The Bill Evans Omnibook for Piano Review

Today, I am reviewing the Bill Evans Omnibook for piano that is published by Hal Leonard.  Hal Leonard has already released many other great Omnibooks that I have already reviewed here including the Stan Getz, Sonny Rollins, Charlie Parker Volume 2, Cannonball Adderley and John Coltrane Omnibooks.  These are all saxophone players of course,  so in the interest of being more “well rounded”, I thought it would be a good idea to check out a non-saxophone Omnibook. I can think of no better non-saxophone playing musician to check out than the incomparable Bill Evans on piano.

Bill Evans

Here is a short bio of Bill Evans from Wikipedia:

“William John Evans (August 16, 1929 – September 15, 1980) was an American jazz pianist and composer who mostly played in trios. His use of impressionist harmony, inventive interpretation of traditional jazz repertoire, block chords, and trademark rhythmically independent, “singing” melodic lines continue to influence jazz pianists today.”

I have many piano recordings of Bill Evans in my CD library. I love listening to his beautiful piano playing when I want to relax and just chill out. I also like playing his music when I have company over to the house as it just sets up the perfect ambiance and class to a dinner or social event.  The colors of his chord voicings, the melodic and lyrical performance, the rhythmic variances in his playing and the interplay and communication between the piano, bass and drums is exciting and rewarding to listen to.

Bill Evans Omnibook for Piano

The person who transcribed all of these great Bill Evans’ solos does not seem to be mentioned in this Omnibook.  Maybe he wants to remain anonymous?  Regardless of that, I just have to comment on how amazing this person’s ears must be to hear all these chords, voicings, inversions and rhythms.  Whoever this person is, they must be a dedicated fan of Mr. Evans’ playing to spend the countless hours it must have took to transcribe all of these solos.

The Bill Evans Omnibook is created with the same standard of excellence as the other Hal Leonard Omnibooks.  It is coil bound so it is easy to open on a music stand and it stays open and flat when you are reading from it.  The coils are big enough that it is easy to change the pages quickly on the fly.  The book is 356 pages long and has 40 solos in it.  Here is the complete list of the solos:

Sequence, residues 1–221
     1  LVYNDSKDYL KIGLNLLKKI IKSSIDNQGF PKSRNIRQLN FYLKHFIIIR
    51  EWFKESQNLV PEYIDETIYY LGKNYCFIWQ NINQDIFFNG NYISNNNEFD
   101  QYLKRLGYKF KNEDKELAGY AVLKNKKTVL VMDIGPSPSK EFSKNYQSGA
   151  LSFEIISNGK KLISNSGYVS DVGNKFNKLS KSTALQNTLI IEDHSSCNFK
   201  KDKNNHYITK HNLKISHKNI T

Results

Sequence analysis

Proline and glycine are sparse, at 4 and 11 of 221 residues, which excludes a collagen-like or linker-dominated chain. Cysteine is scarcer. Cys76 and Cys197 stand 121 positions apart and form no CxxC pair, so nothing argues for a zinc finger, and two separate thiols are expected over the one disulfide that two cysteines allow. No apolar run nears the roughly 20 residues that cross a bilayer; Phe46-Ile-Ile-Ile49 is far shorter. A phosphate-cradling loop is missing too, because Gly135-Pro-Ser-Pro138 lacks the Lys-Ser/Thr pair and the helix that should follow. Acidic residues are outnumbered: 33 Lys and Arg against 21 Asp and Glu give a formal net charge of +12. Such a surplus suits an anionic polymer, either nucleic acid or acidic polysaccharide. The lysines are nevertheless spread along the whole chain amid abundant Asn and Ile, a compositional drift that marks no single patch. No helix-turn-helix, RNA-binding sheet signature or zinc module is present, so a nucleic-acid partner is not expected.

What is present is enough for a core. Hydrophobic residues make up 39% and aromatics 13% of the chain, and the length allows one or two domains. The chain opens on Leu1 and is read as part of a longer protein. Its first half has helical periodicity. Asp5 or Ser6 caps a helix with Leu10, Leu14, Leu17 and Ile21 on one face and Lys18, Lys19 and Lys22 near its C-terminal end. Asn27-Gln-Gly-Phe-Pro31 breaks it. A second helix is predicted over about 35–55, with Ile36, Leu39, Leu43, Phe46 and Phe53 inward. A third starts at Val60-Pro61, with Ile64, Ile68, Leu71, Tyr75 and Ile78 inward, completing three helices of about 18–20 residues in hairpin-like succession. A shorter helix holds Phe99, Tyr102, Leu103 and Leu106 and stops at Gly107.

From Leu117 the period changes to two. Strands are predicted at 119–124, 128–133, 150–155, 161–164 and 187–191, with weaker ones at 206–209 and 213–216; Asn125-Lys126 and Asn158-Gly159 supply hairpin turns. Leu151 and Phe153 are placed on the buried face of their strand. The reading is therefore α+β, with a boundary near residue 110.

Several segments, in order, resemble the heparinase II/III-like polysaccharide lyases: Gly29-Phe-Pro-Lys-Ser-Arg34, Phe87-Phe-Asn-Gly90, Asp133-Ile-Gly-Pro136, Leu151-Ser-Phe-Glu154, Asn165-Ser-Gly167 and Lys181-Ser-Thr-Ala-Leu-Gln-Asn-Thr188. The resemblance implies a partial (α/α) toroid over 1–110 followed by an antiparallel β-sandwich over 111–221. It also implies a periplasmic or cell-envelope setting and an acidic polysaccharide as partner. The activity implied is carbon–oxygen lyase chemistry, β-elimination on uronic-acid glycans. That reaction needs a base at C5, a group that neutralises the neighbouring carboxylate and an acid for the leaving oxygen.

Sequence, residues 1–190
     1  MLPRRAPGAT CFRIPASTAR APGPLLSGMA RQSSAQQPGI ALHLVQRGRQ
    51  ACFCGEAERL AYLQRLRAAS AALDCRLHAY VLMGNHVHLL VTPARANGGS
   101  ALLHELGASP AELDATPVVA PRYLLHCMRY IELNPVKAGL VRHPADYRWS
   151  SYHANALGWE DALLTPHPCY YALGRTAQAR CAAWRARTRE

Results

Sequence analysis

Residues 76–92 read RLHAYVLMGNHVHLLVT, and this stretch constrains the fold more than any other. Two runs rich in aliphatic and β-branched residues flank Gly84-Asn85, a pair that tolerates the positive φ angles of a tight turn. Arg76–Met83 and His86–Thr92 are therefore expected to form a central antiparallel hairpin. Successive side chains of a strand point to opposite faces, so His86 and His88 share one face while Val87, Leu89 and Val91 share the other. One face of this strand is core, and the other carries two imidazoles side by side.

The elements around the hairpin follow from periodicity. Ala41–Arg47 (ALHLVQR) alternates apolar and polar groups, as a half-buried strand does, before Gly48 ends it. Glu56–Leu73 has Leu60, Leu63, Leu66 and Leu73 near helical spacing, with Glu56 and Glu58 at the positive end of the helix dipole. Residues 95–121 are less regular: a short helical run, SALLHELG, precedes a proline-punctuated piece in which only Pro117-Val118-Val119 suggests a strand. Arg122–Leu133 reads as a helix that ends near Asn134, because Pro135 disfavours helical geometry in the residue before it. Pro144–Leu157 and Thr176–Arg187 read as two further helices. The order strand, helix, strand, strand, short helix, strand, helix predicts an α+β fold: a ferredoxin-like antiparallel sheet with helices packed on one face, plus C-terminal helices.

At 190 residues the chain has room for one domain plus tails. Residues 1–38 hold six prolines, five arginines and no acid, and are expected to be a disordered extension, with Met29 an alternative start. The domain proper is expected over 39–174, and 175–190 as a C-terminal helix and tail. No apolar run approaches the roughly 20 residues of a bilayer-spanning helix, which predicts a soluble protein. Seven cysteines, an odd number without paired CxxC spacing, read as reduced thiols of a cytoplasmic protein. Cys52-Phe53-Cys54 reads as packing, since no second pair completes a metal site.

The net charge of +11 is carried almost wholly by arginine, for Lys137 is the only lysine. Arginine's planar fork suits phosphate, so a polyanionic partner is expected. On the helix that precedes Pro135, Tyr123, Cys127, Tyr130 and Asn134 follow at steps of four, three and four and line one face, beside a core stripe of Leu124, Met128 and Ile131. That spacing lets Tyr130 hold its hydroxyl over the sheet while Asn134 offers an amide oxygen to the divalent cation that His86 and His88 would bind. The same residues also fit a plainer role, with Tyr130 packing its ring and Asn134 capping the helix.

The Bill Evans Omnibook Song List

Alice in Wonderland, Autumn Leaves, Bill’s Hit Tune, Blue in Green, Days of Wine and Roses, Emily, Everything Happens to Me, Five, For Nenette, How About You?, How My Heart Sings, I Loves You Porgy, It Could Happen To You, Just You Just Me, Letter To Evan, My Foolish Heart, My Funny Valentine, My Romance, Nardis, Night and Day, One for Helen, Peace Piece, Peri’s Scope, Quiet Now, Re:Person I Knew, Skating in Central Park, A Sleepin’ Bee, Some Other Time, Stella By Starlight, Song from MASH, 34 Skidoo, Time Remembered, The Touch of Your Lips, Turn Out the Stars, Very Early, Waltz for Debbie, What Kind of Fool Am I?, Who Can I Turn To, You Go To My Head, You Must Believe in Spring

*I have posted all the recordings of these solos I could find on Youtube at the bottom of this page (I found all of them).  This is as much a resource for myself as it is for all of you.  As I work through the book, I can always come back here to this page to easily find the recordings to listen to as I look at the transcriptions.


Bill Evans Omnibook for Piano

The  Bill Evans Omnibook for Piano is very easy to read considering that many of the piano transcription are so complicated.  Each solo has the chord symbols written above each measure.  There are rehearsal letters and the transcriptions are spaced out evenly and cleanly making them easier to read.

Another great feature of the Bill Evans Omnibook is that the melodies are included on every transcription.  Many transcriptions these days only include the solos because of copyright limitations but Hal Leonard has included these great melodies and written them out in detail.

There is so much more I could write about,  I truly love Bill Evans’ playing and what is captured on these pages in this book!  It is just a plethora of incredible flowing lines, phrasings, chord voicings and melodic ideas that can be worked on for a lifetime.  What I love the most about Bill Evans’ piano playing is his deliberate use of space.  So often, I listen to sax players who seem intent with filling up every ounce of space available in their solos.  Bill Evans takes his time and leaves space at moments where you are left wondering what will happen next.  We don’t need to fill every space. Space is good!